WP4 – Mainly focus on the differentiation of stem cells into dopaminergic neurons and their transplantation into mouse models of PD, as well as participation in the analysis of these mice.
Javier Jarazo is a PhD student in the LCSB Cellular and Developmental Biology group. He specialises in iPSCs and neuronal stem cell culture as well as later differentiation to neurons. Javier will use his expertise and patented gene editing method to correct the mutations in patient cell lines. He also has a vast experience in high content screening and image analysis for in vitro disease modelling and drug testing. Javier will assess differentiation phenotypes as well as mitochondrial aberrations in the context of WP2. His work in the project will also contribute to WP3, using cell sorting for recovering transplanted cells for further metabolic analysis.
Dr. Kathrin Hemmer
Dr. Kathrin Hemmer is a Postdoc in the LCSB Cellular and Developmental Biology group.
She specialises in transplantation studies of stem cells in PD mouse models.
She will develop cell culture protocols for robust and efficient differentiation of PD patient-derived iPSCs into a highly enriched culture of midbrain-like dopaminergic neurons in WP2. She will develop and characterise humanised mouse models, where human dopaminergic neurons of the different cohorts are transplanted into the striatum of immunodeficient mice in WP3.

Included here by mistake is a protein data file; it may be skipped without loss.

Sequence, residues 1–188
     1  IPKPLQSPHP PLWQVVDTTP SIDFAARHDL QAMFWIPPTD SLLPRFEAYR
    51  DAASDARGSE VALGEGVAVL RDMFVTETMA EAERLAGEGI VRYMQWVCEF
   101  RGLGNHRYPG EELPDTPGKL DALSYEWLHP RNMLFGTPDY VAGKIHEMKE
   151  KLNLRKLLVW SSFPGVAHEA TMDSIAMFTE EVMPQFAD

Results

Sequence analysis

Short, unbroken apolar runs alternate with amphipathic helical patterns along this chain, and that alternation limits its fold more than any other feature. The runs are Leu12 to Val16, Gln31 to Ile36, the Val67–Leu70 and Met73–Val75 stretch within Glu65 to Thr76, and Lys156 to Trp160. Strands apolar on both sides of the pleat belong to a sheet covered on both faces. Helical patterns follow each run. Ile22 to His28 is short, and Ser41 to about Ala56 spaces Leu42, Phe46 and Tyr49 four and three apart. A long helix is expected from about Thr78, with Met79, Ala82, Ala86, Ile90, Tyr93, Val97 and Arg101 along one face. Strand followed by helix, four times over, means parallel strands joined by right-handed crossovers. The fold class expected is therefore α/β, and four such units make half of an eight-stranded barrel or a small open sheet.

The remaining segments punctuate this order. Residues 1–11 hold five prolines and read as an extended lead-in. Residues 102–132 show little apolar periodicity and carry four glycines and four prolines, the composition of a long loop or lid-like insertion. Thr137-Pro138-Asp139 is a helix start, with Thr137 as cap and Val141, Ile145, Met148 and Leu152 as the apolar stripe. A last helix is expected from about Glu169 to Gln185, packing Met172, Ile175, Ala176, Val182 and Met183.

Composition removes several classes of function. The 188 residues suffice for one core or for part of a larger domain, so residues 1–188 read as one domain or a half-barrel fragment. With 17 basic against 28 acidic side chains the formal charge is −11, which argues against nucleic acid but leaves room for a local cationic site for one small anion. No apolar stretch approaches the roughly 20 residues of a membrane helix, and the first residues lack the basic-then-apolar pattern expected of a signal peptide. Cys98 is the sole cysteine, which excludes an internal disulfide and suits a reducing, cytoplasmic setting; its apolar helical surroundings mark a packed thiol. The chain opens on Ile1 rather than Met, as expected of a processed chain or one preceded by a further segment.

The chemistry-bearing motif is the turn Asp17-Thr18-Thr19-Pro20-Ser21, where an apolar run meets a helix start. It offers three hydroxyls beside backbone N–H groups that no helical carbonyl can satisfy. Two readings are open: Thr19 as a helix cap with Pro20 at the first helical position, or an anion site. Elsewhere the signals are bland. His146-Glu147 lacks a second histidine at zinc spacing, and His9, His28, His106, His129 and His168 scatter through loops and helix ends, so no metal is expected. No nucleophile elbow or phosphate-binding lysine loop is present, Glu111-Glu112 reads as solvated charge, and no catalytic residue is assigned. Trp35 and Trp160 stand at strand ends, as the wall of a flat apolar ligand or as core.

Dr. Reinhard Schneider
Dr. Reinhard Schneider is the Head of the Bioinformatics Core facility at LCSB.
Main task in the project
Provision of the tranSMART database system, which is part of SysMedPD’s research data management plan to generate and collect diverse data and metadata. It will cover clinical, neuroimaging, behavioral, biochemical, metabolomic, genetic, and cellular morphological data on the SysMedPD cohorts, in vitro cultures and humanized mice. Also computationally generated data and metadata will be generated by biomolecular network reconstruction.
Venkata Satagopam is a scientist in the LCSB Bioinformatics Core group.
He has extensive experience in (bio)medical databases, web-based infrastructure, text mining, data curation, integration, hosting, analytics and visualisation of clinical and multi omics data.
Main tasks in the project
Coordination and implementation of the research data management plan in SysMedPD.
Prof. Dr. Ines Thiele
Prof. Dr. Ines Thiele is the Principal Investigator of the LCSB Molecular Systems Physiology group.
Dr. Jasmin Sinha
Dr. Jasmin Sinha is a project coordinator at LCSB.
She will be offering general administrative and legal support in SysMedPD.
Dr. Sabine Mosch
Dr. Sabine Mosch heads the Communication Team at LCSB.
She manages all activities related to external and internal communication, as well as event management. Thanks to her international research experience in Neuroscience she can translate complex scientific results into stories understandable and of interest to the general public.
Dr. Paul Antony
Dr. Paul Antony is operationally responsible for High Content Screening at the LCSB.
His work is the development of automated microscopy workflows and image analysis algorithms for WP2.